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academy acceptable English adjective artistic attempt attitude Berkeley Berkeley Berkeley LIBRARY CALIFORN CALIFORNIA LIBRARY called Century Dictionary changes concerning correct pronunciation dialect differences Dionysius Thrax educated Edward Sapir eighteenth century Encyclopædia Britannica English Grammar English language experience expression fact frequently fundamental furnish gram grammarians guage H. C. Wyld ideas insist JESPERSEN John Dewey language forms language habits Latin learned LEONARD Leonard Bloomfield linguistic lish meaning method Middle English Modern English nature noun nunciation Old English OTTO Otto Jespersen particular pattern person phonetic plural point of view practical Preface principle problem processes pronounced pronunciation pupils rules sentence set of language singular slang socially acceptable group speak speech habits spelling spoken English standards of acceptable Study of Language syllables symbols Teaching of English tion UNIVERSITY OF CALIFORNIA verb view of language vocabulary vowel vowel sound vulgar Webster's New International words writing
Página 96 - The worser spirit a woman colour'd ill. To win me soon to hell, my female evil Tempteth my better angel from my side, And would corrupt my saint to be a devil, Wooing his purity with her foul pride. And whether that my angel be turn'd fiend Suspect I may, yet not directly tell; But being both from me, both to each friend, I guess one angel in another's hell: Yet this shall I ne'er know, but live in doubt, Till my bad angel fire my good one out.
Página 184 - The latent tracts, the giddy heights explore Of all who blindly creep, or sightless soar; Eye Nature's walks, shoot folly as it flies, And catch the manners living as they rise; Laugh where we must, be candid where we can; But vindicate the ways of God to man.
Página 85 - When we see men grow old and die at a certain time one after another, from century to century, we laugh at the elixir that promises to prolong life to a thousand years ; and with equal justice may the lexicographer be derided, who being able to produce no example of a nation that has preserved their words and phrases from mutability, shall imagine that his dictionary can embalm his language, and secure it from corruption and decay, that it is in his power to change sublunary nature, and clear the...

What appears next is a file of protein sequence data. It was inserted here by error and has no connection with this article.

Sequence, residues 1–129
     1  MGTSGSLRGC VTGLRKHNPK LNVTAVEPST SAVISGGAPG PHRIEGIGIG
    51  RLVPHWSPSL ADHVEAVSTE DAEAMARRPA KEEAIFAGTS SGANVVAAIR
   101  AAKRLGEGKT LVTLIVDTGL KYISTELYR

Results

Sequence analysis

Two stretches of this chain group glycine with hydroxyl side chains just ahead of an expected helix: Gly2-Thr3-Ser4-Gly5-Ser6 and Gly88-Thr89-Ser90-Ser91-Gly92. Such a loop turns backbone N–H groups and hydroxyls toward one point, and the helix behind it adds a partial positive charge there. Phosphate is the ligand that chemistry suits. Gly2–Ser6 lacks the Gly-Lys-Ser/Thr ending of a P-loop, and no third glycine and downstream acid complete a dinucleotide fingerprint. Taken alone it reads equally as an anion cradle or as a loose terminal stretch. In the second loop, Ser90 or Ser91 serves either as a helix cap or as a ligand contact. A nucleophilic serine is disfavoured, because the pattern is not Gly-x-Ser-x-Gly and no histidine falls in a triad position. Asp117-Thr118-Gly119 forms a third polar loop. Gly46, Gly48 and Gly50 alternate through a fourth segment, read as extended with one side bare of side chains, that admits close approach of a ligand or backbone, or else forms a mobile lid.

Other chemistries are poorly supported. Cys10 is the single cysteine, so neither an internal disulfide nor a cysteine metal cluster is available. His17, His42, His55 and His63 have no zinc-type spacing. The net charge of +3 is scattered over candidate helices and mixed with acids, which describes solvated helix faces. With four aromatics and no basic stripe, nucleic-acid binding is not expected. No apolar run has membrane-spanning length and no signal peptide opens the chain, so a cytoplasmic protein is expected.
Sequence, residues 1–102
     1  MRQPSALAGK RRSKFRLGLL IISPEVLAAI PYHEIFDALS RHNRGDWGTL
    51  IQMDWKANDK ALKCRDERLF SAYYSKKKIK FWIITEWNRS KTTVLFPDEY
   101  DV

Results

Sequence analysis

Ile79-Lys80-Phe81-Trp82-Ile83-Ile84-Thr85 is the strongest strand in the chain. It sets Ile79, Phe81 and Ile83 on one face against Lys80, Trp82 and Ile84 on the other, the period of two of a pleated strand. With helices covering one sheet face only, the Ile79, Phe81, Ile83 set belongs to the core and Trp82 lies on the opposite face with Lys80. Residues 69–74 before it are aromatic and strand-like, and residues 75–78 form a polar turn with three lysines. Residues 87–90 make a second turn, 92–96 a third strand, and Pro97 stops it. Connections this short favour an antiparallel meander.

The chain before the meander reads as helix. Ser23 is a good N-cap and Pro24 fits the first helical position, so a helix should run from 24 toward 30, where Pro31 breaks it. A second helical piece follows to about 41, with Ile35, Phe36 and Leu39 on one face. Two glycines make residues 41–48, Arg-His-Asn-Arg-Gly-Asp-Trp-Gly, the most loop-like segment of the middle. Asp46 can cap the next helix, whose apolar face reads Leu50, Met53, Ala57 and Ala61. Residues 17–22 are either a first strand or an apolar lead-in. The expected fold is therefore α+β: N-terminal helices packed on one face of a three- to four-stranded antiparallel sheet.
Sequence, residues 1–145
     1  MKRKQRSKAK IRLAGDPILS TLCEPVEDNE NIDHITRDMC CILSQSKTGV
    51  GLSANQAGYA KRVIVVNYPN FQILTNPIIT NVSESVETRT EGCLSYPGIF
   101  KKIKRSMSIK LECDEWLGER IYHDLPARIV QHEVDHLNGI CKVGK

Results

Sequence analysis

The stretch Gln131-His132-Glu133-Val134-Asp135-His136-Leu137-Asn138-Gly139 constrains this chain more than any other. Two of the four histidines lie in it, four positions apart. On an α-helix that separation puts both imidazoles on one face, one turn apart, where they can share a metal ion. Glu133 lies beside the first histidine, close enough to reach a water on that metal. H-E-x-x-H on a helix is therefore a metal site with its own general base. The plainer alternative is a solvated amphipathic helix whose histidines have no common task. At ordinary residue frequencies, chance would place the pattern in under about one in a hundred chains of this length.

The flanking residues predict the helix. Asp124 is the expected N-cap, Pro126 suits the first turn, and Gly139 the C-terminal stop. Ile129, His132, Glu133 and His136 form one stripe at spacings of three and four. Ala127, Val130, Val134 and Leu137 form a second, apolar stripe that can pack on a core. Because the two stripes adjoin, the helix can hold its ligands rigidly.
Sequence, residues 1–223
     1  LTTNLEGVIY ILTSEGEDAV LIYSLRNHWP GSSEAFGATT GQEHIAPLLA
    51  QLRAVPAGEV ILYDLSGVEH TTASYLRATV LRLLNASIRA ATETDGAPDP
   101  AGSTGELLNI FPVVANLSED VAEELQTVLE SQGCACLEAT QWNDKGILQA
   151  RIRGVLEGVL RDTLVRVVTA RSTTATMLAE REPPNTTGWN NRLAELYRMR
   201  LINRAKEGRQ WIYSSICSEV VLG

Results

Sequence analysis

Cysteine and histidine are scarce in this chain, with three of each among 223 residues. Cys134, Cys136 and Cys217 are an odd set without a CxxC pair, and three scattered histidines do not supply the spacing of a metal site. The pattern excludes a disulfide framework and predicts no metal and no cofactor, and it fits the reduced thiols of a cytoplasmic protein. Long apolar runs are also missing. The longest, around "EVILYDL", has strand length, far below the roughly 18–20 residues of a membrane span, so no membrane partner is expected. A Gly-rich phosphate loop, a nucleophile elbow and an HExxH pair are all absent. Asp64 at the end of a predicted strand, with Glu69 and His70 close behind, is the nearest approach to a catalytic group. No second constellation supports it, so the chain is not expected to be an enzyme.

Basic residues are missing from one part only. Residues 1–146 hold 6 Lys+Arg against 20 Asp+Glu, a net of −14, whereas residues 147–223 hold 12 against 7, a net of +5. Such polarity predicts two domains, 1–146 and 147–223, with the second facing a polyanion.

Página 23 - My lord, I do here, in the name of all the learned and polite persons of the nation, complain to your lordship, as first minister, that our language is extremely imperfect ; that its daily improvements are by no means in proportion to its daily corruptions ; that the pretenders to polish and refine it, have chiefly multiplied abuses and absurdities ; and that in many instances it offends against every part of grammar.
Página 85 - Those who have been persuaded to think well of my design, will require that it should fix our language, and put a stop to those alterations which time and chance have hitherto been suffered to make in it without opposition. With this consequence I will confess that I flattered myself for a while; but now begin to fear that I have indulged expectation which neither reason nor experience can justify.
Página 96 - The reule of seint Maure or of seint Beneit, By-cause that it was old and som-del streit, This ilke monk leet olde thinges pace, And held after the newe world the space. He yaf nat of that text a pulled hen, That seith, that hunters been nat holy men...
Página 14 - Yet when I name custom, I understand not the vulgar custom; for that were a precept no less dangerous to language than life, if we should speak or live after the manners of the vulgar: but that I call custom of speech, which is the consent of the learned; as custom of life, which is the consent of the good.
Página 113 - Everything that we have so far seen to be true of language points to the fact that it is the most significant and colossal work that the human spirit has evolved — nothing short of a finished form of expression for all communicable experience. This form may be endlessly varied by the individual without thereby losing its distinctive contours; and it is constantly reshaping itself as is all art. Language is the most massive and inclusive art we know, a mountainous and anonymous work of unconscious...
Página 23 - They all agreed, that nothing would be of greater use towards the improvement of knowledge and politeness than some effectual method for correcting, enlarging, and ascertaining our language ; and they think it a work very possible to be compassed under the protection of a prince, the countenance and encouragement of a ministry, and the care of proper persons chosen for such an undertaking.